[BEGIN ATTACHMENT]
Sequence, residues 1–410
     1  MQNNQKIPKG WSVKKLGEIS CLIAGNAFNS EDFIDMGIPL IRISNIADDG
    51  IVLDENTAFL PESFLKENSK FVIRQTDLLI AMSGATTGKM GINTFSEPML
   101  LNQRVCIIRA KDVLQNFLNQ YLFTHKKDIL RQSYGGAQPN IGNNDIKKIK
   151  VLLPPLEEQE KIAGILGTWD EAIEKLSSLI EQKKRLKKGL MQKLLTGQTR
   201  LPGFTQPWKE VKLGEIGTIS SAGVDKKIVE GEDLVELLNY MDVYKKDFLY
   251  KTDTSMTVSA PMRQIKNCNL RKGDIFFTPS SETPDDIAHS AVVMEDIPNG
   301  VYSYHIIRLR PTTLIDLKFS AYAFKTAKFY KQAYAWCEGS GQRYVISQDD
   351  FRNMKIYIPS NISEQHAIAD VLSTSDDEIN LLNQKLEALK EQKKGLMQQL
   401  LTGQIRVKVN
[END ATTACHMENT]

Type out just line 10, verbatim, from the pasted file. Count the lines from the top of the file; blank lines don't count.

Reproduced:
   401  LTGQIRVKVN